As a side note, when I went through RCIA my sponsor and pretty much the entire class taught that we did not really need to go to Confession, or shall I say "Reconciliation". They showed us a video once of how to confess, and it was a face to face confession that took the form of a conversation. "Hey, Father, how are ya? Did you see the game yesterday?" None of this, "Forgive me Father, for I have sinned." In my opinion, this brings focus and attention to the priest as a person instead of In Persona Christi and creates a light hearted social interaction that should have no place in the confessional. The sinner comes with weight on his or her soul, to be absolved and to come closer to God - not to shoot the breeze with the priest. The interaction should reflect the seriousness of the situation. But that is just my opinion, and I know that I am not in the majority.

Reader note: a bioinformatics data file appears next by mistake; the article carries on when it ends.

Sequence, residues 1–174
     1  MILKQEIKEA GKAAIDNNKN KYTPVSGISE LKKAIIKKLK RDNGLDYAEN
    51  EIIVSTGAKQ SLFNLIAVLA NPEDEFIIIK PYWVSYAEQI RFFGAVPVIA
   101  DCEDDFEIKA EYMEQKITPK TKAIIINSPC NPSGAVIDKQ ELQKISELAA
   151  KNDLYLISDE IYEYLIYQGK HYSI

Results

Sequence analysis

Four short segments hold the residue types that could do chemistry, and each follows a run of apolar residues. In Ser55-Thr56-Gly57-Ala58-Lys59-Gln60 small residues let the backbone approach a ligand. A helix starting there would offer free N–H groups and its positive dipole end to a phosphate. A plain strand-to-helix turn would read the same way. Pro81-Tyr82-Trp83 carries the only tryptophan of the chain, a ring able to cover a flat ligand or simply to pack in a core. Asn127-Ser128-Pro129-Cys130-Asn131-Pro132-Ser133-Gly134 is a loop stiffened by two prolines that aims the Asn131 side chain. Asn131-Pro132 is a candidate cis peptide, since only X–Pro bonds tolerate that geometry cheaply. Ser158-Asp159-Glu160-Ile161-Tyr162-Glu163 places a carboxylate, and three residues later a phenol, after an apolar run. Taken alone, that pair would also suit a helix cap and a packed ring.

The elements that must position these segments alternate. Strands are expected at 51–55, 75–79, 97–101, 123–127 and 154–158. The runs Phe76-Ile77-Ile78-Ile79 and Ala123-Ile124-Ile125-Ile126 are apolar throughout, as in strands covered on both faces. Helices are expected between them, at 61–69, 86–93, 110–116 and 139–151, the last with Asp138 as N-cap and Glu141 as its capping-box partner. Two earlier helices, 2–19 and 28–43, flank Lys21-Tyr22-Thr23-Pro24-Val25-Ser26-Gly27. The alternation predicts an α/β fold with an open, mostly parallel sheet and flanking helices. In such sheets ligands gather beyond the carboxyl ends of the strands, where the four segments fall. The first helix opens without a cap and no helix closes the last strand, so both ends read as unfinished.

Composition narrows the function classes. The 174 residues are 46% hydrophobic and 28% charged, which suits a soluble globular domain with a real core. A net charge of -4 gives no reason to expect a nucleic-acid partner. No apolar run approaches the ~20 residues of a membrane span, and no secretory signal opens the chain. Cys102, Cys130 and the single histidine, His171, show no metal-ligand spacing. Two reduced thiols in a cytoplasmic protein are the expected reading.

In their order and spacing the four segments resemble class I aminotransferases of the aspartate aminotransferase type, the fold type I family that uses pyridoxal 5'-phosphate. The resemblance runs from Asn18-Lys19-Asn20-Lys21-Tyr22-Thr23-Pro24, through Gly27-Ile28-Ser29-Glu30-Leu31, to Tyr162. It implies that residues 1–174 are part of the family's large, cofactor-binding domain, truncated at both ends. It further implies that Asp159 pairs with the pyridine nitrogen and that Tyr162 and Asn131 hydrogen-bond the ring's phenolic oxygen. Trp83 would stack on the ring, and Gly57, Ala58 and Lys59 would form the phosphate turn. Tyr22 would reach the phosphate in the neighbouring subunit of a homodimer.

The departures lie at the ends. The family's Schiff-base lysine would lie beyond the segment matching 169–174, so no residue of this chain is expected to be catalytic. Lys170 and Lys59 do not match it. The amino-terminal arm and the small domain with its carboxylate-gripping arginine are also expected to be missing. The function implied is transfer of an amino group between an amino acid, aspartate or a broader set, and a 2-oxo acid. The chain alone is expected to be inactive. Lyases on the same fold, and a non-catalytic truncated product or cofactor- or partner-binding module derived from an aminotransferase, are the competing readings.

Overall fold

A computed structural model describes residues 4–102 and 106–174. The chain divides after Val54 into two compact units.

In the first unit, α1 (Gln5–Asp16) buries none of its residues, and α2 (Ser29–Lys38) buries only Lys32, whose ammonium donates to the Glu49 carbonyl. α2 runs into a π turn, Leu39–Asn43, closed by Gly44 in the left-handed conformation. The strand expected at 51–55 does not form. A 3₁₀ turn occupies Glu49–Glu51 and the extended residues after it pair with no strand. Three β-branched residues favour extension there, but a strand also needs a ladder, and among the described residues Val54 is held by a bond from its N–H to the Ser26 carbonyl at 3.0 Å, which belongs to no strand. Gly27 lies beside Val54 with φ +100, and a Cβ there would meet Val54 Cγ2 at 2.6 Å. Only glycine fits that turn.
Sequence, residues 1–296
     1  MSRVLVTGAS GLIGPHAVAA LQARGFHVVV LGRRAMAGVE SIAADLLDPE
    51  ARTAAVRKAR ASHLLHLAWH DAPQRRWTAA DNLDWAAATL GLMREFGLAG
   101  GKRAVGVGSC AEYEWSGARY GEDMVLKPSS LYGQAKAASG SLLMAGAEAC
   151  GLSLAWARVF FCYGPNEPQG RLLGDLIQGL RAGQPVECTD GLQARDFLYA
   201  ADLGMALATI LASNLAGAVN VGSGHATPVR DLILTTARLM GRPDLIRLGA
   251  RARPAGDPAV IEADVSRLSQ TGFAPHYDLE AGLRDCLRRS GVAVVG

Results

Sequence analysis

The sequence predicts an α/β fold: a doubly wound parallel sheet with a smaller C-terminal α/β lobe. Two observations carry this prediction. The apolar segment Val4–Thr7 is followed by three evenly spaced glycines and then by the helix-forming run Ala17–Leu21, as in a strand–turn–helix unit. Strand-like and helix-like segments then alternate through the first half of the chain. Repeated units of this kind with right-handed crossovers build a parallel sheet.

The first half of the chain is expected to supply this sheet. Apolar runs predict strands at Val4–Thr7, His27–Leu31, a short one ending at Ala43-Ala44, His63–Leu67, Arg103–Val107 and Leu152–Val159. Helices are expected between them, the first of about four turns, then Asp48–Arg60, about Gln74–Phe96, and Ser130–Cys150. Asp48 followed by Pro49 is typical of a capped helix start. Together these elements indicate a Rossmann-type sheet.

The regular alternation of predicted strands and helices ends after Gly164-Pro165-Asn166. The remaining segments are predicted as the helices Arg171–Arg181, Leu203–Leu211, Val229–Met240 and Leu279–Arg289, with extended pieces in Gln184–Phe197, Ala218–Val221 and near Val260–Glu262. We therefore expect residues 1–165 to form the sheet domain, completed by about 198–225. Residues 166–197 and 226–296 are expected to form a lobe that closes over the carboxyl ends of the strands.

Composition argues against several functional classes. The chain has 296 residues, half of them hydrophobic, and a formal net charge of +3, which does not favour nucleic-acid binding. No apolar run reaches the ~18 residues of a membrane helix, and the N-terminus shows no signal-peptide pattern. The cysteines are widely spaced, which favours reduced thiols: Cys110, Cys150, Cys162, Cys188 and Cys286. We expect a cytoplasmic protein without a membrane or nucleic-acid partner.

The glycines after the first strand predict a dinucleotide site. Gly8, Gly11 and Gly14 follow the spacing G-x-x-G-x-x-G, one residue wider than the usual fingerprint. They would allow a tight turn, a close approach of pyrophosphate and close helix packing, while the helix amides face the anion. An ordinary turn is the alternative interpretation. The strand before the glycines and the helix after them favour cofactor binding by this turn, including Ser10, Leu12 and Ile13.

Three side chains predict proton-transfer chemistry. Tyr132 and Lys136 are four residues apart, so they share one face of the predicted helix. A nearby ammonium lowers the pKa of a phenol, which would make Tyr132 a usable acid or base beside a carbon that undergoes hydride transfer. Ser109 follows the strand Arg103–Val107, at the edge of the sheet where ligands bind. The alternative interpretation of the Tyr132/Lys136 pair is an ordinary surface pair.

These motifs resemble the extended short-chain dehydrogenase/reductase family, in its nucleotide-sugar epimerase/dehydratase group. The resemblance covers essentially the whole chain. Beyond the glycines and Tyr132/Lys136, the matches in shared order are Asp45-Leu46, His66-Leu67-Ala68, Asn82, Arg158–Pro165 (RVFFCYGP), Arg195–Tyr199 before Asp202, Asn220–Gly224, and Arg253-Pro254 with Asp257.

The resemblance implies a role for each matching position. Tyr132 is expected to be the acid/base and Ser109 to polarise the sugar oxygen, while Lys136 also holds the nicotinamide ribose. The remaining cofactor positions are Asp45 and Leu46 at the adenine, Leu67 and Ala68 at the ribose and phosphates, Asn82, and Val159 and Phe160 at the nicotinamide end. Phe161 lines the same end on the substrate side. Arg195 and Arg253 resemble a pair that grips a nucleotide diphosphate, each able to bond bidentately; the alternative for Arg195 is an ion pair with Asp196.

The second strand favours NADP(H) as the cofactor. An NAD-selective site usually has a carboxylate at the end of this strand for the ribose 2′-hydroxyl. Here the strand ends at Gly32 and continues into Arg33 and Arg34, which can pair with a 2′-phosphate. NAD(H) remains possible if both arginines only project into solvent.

My RCIA sponsor never, ever would go to Confession. The last time he "confessed" was in a communal absolution of sins where you put your sins on a paper that went into a basket and they all got burned or something hippie like that. Then the priest gave communal absolution for those sins.

I think calling it Reconciliation diminishes the seriousness of the sins we commit. While I am at it, let me say I am also not a fan of the face to face Confessions. I am already nervous about it every time (yes, even though I go frequently!) so when I have to do it face to face I feel even more nervous. Give me a screened confessional booth any day.


  1. Loved this post! I wish I lived closer to you because I think we could be great friends. I was just having some of these same thoughts the other day. I too get down on myself for having to confess the same things over and over. I guess for now, we can just be Catholic blogging buddies! haha! Great great great thoughts on confession vs. reconciliation

  2. haha thanks! Glad you liked it. That is too awesome, I am glad to have found a Catholic blogging buddy! :) Where do you live?